``As a professional counselor, I have appointments. I don't visit them. I wait for them to come to me.''
Denton said he tries to keep his jobs as therapist and pastor separate. For example, he has strong reservations when clients at the counseling center ask him to preside at their weddings.
Not all pastors are licensed professional counselors.
State law exempts ministers from having to get a license for counseling within the context of a religious congregation. Ministers without counseling licenses are beholden to the rules of conduct of their particular denomination, not the state licensing board. Many religious denominations discourage pastors from counseling church members unless the minister has received the proper training.
The Episcopal Church requires supervision of pastors who counsel people for more than six sessions, according to the Rev. Susan deGavre, rector of St. John's Episcopal Church in West Point.
``Usually, I will see people a couple of times and refer them to a therapist,'' said deGavre.
Most seminaries do not equip ministers with the necessary skills to conduct long-term counseling, says Jean Bozeman, assistant to the bishop of the Virginia Synod of the Evangelical Lutheran Church in America.
That's why the Lutheran Church encourages pastors to refer church members who need long-term counseling to professional therapists, Bozeman said.
``It's important to know your limits and know your skills.''
Spirited Celebration As Sanctuary Hits 50
By Kathy McCabe
The Boston Globe -March 27, 2003
On Chestnut Street, just where a hill starts to climb, a spacious white house blends easily into the quiet neighborhood of single- family homes.
But the stucco structure at 120 Chestnut St. is not a home, but a house of worship. This is Temple Emmanuel, Wakefield's only synagogue, which has nourished Jewish faith and learning for half a century. This weekend, the small Conservative congregation will mark a milestone: the 50th anniversary of the dedication of its sanctuary.
A sanctuary, or worship space, is the sacred heart of any house of worship. At Temple Emmanuel, the sanctuary is where the circle of life and faith begins and ends. It is where babies are named, couples marry, and adolescents read from the Torah at a bar mitzvah or bat mitzvah, the ceremony marking their passage from childhood to adulthood.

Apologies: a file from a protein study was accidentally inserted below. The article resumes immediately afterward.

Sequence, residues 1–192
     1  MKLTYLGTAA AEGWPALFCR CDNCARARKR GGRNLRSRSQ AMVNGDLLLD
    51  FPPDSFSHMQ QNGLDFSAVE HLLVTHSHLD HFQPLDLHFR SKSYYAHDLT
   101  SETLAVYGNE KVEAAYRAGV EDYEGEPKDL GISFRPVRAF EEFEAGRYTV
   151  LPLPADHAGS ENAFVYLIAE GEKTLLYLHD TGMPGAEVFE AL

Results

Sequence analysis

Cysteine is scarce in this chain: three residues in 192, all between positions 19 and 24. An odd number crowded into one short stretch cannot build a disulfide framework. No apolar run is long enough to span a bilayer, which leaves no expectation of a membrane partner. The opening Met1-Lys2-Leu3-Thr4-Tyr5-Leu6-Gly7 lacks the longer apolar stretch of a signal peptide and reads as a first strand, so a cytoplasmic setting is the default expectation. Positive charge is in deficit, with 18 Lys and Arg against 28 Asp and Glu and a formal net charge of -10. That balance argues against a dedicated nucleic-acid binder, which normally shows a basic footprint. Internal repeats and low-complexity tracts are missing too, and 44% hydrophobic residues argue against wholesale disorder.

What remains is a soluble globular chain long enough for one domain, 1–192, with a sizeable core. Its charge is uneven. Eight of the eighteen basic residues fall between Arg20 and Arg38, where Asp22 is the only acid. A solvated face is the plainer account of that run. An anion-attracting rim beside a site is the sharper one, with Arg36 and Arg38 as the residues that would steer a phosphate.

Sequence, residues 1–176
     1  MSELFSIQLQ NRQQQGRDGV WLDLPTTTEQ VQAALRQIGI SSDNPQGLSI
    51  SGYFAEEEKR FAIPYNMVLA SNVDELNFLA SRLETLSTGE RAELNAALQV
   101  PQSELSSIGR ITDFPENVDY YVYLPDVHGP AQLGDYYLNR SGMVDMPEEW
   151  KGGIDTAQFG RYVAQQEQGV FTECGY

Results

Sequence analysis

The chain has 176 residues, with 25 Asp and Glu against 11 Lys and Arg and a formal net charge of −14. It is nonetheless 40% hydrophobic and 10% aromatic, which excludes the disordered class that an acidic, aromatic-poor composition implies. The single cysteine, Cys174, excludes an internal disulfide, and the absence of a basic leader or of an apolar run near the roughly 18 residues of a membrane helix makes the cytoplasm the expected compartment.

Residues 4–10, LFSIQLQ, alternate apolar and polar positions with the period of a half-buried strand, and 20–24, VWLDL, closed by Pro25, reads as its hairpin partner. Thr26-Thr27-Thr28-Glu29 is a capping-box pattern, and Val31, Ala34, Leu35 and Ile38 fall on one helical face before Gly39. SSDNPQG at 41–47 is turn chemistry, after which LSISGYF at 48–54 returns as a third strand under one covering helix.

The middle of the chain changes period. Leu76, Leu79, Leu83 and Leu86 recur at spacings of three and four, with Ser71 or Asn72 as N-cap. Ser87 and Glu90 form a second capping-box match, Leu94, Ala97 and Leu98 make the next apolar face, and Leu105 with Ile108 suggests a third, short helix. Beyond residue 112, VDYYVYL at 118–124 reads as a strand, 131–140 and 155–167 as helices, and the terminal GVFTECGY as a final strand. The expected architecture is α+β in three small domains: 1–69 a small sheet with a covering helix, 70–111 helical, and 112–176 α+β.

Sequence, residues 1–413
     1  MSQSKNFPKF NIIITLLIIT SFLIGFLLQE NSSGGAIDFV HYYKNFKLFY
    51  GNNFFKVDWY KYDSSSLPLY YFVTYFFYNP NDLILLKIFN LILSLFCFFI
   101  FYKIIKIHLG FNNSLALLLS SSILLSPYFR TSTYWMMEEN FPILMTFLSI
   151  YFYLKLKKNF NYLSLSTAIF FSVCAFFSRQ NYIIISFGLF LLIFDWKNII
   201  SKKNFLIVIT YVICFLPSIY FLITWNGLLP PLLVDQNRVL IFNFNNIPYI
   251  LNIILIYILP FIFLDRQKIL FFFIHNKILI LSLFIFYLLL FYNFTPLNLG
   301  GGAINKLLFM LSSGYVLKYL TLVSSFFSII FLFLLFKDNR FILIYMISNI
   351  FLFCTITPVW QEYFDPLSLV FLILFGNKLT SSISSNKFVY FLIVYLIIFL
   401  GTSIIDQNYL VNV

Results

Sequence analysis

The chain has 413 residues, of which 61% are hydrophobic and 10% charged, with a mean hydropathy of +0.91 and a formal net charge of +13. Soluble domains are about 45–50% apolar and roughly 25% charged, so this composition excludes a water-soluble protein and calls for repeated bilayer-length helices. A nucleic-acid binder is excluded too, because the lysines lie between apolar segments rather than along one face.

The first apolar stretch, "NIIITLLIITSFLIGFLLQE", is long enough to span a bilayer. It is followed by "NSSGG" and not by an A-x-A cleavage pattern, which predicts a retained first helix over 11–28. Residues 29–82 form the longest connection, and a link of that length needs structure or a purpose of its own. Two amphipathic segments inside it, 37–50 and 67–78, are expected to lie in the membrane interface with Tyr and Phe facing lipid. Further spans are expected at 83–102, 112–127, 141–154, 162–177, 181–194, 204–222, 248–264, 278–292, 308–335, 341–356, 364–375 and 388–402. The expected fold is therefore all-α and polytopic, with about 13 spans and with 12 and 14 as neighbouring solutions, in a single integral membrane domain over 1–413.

At services on Friday nights and Saturday mornings, or on holidays like Passover, which starts next month, the sanctuary is where Jews young and old seek God's grace. This weekend, congregants will gather in song and prayer to rededicate the sanctuary, during a weekend of special Shabbat, or Jewish sabbath, services. The celebration falls after the sanctuary's official dedication date of Sept. 17, 1952, but falls in the temple's golden anniversary year.
On Friday, Rabbi Mark A. Golub, the temple's spiritual leader since 2001, will deliver a special sermon during an 8 p.m. Shabbat service. On Saturday, services will be held at 9:30 a.m., and a special Havdalah Service, marking the end of the sabbath, will be held at 7 p.m. on Saturday. A reception will follow. The public is welcome.
"All the religious occasions in our life as Jews take place in the sanctuary," Golub said as he sat in the temple's small library, just off the sanctuary. "It is where our life cycle is [celebrated] and our holidays celebrated. But it is also a place where people can close their eyes and meditate."
Temple Emmanuel's sanctuary was dedicated in the spring of 1952, five years after the congregation formed. Until then, synagogue meetings were held first at the Wakefield YMCA and in a small chapel on Lake Quannapowitt. But with its membership growing, mostly due to the migration of Jews from cities like Chelsea, Malden and Revere, founders decided the temple needed a permanent home, according to a temple history.
In 1951, Temple Emmanuel purchased the former Yuell family estate on Chestnut Street. Over the next year, the manor-like home was converted into a Jewish temple, with classrooms, meeting and social rooms, and a sanctuary. "It was a beautiful home in a great location," said Liz Freeman, the temple historian. "In those days, people didn't drive a lot. But they could walk there from other neighborhoods or from the train. It just had a nice feel to it."
The congregation's effort to make a home for itself in Wakefield drew strong community support. The town's 11 Christian churches, most of them Catholic and Protestant denominations, contributed to the building fund. When the first service was celebrated, First Parish Congregational Church, the Greenwood Union Church and the Wakefield Daily Item, the town's daily newspaper, sent flowers for the pulpit.